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Front Neurol Neurosci. 2018;41:104-116. doi: 10.1159/000478914. Epub 2017 Nov 16.

REM Sleep Behavior Disorder.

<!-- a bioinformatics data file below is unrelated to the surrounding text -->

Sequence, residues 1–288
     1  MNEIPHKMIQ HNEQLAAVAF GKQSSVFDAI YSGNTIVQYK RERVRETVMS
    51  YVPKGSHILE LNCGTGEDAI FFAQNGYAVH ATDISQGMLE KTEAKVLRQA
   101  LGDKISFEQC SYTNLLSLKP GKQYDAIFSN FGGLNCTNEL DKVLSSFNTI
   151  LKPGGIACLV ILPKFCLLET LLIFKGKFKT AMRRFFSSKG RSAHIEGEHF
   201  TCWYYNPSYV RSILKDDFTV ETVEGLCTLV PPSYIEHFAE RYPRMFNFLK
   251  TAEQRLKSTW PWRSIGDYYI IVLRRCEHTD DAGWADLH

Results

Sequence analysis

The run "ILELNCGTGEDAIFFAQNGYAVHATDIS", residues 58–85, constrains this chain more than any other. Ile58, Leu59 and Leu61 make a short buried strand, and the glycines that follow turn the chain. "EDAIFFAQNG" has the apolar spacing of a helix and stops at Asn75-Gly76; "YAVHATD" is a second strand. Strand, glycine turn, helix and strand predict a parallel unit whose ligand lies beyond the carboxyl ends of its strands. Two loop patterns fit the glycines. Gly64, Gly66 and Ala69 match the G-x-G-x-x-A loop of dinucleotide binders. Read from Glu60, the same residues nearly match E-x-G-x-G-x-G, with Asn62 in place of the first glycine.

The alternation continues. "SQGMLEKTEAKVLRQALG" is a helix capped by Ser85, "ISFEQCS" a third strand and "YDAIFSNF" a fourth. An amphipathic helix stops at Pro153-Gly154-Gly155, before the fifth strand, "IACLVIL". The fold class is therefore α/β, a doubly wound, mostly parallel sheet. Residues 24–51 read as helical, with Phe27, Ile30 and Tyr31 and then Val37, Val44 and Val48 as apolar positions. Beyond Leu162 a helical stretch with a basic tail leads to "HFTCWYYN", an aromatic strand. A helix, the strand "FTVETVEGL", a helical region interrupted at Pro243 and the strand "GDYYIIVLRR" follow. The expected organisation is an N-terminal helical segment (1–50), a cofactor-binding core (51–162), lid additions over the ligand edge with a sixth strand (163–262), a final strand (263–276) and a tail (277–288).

Rapid eye movement sleep behavior disorder (RBD) is a brain disorder, characterized by the dream enactment during rapid eye movement (REM) sleep due to a lack of physiologic muscle atonia and increased muscle twitching. Schenk was the first to describe this disorder in 1986; however, few authors reported in the 1970-1980s loss of physiological muscle atonia combined with dream enactment in the course of brainstem disorders and as a consequence of alcoholism and antidepressant treatment. RBD affects less than 1% of the adult population, but can be found in up to 25-50% of neurodegenerative disorders including Parkinson's disease, multisystem atrophy, and dementia with Lewy body. In the last decade, many studies provided evidence that RBD precedes parkinsonian motor signs by several years, suggesting that RBD should no longer be considered a complication but a part of the prodromal phase of these diseases. Etiologically, primary (idiopathic RBD) and several secondary forms in addition to neurodegeneration (related to focal brainstem damage, narcolepsy, autoimmune disorders, and drugs) are known. Pathophysiologically, brainstem and supratentorial mechanisms involving glutamatergic, glycinergic, and GABA-ergic neurotransmission have been implicated. Recently, an animal model of RBD has been described. Clinical features consist of characteristic nocturnal behaviors, but also daytime symptoms including excessive sleepiness and cognitive alterations. The diagnosis of RBD is made according to international diagnostic criteria, based on medical history, and video-polysomnographic features. Current treatment strategies include actions which ensure a safe sleep environment, the avoidance of triggering/exacerbating factors and if necessary pharmacological (mainly clonazepam and melatonin) and non-pharmacological (e.g., behavioral measures) interventions. Future research should clarify the exact sleep-wake characteristics of RBD (also beyond REM sleep) and their evolution over time, the contribution of brainstem but also supratentorial mechanisms to its pathophysiology, and the (early?) diagnostic and (causative?) treatment consequences of RBD in the context of neurodegeneration.

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